Santa should make the most of the chimneys across the London skyline when he does his rounds on Christmas Eve. In years to come he may be hard pushed to find one.

According to the Royal Institution of Chartered Surveyors (RICS) chimneys are going up in smoke, with new homes not having them and many older homes not maintaining or restoring theirs.

RICS South East Regional Director Trevor Hines warns: “There are three things working against the old-fashioned chimney – an increasing focus on energy efficiency in the home, the space and cost implications of construction and the effort and cost of maintaining them.

“What many people don’t realise is that working open fireplaces with chimneys can add both aesthetic and practical value to a property. But because they take up valuable space and add extra cost to the design of a property they may become the preserve of the upper end of the market.”

Part L of the new Building Regulations due to be introduced in spring 2006, will place particular emphasis on energy efficiency and keeping buildings draft free. Chimneys open to the elements will go against such legislation and are therefore less likely to feature in new build homes of the future.

In older properties many chimneys have been blocked up or are in a state of disrepair. Of the 26 million chimney in the UK, over 6.7 million are in serious need of attention. Only £17bn is currently being spent each year on repairing and maintaining properties – far short of the £48bn needed to bring these homes up to standard, say the surveyors.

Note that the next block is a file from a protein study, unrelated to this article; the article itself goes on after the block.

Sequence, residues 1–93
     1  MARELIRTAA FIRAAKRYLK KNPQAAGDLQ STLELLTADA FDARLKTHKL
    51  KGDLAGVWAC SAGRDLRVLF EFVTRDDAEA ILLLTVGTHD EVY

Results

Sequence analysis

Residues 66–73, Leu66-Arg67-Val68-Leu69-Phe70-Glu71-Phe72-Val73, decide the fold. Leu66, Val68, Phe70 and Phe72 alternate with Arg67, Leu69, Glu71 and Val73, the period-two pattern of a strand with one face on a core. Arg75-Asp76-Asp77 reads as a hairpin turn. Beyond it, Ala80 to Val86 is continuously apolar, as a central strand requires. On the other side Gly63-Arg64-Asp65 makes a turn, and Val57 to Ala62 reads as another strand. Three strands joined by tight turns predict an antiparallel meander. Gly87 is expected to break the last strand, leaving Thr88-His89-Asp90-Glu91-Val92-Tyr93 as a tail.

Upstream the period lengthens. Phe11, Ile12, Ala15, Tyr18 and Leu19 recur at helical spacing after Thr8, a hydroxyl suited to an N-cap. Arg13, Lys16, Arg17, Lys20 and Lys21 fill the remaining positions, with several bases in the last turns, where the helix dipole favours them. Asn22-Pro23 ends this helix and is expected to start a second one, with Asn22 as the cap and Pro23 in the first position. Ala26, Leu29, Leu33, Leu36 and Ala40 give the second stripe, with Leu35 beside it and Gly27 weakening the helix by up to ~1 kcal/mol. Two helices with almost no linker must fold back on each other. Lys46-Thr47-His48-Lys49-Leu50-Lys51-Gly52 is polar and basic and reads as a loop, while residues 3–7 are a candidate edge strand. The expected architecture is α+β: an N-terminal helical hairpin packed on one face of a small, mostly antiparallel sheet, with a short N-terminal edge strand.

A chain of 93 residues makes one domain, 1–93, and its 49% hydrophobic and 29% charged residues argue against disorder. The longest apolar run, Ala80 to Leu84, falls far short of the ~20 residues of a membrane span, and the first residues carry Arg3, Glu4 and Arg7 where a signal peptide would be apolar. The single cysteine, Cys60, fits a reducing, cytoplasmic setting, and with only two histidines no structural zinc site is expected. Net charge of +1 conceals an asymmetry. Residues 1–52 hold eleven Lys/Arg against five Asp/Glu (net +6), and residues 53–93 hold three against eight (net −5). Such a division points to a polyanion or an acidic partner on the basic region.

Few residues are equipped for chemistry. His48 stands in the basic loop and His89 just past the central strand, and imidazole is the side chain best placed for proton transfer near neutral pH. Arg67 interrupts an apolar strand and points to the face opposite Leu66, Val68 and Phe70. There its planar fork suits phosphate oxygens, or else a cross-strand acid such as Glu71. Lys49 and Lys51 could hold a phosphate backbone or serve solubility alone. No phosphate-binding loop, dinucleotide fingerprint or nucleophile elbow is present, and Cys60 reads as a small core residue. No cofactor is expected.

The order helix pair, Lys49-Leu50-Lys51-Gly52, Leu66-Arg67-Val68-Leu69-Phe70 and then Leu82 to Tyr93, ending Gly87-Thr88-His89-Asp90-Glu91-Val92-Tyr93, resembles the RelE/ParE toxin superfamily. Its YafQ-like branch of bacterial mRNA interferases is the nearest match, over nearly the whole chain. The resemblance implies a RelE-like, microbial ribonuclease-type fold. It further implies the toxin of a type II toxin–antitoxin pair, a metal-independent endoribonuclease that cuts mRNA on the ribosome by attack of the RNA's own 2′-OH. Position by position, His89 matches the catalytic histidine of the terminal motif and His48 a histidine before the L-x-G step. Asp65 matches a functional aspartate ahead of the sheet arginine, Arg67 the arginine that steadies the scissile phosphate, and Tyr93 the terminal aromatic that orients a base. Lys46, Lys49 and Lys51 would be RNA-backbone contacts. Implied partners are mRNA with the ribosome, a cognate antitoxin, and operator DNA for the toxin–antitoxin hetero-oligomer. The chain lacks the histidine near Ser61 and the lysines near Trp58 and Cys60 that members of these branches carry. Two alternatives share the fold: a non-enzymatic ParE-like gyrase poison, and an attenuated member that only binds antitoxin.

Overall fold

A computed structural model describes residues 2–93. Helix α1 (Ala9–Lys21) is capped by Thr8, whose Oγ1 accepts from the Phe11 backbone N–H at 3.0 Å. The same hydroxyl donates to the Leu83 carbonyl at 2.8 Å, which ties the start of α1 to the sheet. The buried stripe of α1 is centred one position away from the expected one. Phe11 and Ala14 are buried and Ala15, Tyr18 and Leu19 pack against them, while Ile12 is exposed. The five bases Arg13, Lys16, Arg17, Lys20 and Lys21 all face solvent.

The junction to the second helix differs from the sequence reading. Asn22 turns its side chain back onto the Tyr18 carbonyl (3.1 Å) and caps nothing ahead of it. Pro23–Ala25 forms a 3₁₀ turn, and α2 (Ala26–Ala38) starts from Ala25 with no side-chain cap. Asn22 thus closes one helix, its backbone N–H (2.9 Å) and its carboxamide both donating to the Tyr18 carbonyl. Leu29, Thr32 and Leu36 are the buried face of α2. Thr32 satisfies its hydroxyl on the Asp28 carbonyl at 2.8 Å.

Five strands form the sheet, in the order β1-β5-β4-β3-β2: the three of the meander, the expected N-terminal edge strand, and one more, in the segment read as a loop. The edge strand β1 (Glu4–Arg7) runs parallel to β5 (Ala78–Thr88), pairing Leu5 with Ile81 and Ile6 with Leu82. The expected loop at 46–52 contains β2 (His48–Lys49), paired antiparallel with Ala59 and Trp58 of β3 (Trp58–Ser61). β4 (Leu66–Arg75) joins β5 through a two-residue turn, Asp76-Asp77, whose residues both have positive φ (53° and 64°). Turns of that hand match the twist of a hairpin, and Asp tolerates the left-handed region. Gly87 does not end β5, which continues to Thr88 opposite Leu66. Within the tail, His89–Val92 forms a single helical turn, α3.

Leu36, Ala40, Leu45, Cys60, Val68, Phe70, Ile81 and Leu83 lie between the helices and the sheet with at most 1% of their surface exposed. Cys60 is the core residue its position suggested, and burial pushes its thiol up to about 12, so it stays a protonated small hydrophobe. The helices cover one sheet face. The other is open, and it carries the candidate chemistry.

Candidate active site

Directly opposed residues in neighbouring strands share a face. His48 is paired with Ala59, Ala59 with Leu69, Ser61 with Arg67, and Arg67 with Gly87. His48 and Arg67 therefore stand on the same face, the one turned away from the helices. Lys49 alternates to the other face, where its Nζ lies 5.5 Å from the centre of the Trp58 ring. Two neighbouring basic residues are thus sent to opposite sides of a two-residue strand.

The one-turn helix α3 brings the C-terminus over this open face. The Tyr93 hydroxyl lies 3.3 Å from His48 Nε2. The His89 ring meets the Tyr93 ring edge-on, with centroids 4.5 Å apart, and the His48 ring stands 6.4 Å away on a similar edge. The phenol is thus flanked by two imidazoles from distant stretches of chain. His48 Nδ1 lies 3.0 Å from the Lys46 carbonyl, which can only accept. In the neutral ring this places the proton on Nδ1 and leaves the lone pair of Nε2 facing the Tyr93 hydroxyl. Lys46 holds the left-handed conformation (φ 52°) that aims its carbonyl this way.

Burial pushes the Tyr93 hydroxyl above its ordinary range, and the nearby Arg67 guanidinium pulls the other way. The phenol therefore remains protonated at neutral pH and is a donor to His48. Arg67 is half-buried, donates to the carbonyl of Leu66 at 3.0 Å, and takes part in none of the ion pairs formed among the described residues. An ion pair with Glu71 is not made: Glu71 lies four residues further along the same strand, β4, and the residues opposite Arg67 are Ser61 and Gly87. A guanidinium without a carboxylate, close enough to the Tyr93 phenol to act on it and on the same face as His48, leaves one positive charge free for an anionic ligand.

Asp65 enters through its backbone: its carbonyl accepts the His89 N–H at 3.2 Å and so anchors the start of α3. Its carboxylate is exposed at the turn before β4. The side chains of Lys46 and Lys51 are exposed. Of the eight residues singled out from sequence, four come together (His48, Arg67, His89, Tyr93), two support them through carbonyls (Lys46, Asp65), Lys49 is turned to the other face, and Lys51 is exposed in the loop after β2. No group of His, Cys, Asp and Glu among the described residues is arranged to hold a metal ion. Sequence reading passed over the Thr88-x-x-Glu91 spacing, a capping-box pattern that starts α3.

Trevor Hines concludes: “We need to balance the requirements for energy efficiency with ventilation, and practicality with aesthetics. We must not make the mistake of creating properties so airtight that they cannot breathe – causing condensation and damp issues.

“A well-maintained chimney and open fireplace can be a bonus all year round, not just a welcome asset at Christmas.”

Chimney Facts:
• In the 17th century the size of a house could be determined by the number of chimneys or hearths it contained, and owners were taxed accordingly, by the Hearth Tax
• Continental chimneys are swept from top to bottom, but British chimneys swept from bottom to top
• Modern day chimneys are made from metal pipes, whereas their primitive predecessors were primarily constructed from mortar and bricks. To retain the classic brick look, many modern chimneys have a stainless steel interior and a brick or brick-like exterior
• New Government regulations require that chimneys have chimney caps on them to prevent rain, animals and debris falling through

How to keep your chimney in top condition:

• Sweep your chimney once a year
• If the chimney is not in use, put a protective cowl on it
• Ensure your chimney is properly ventilated
• Check the stability and condition of the chimney stack from the exterior
• If you don’t have a live fire (gas or solid fuel) consider keeping the the aesthetics of an open fireplace to enhance the appeal of your property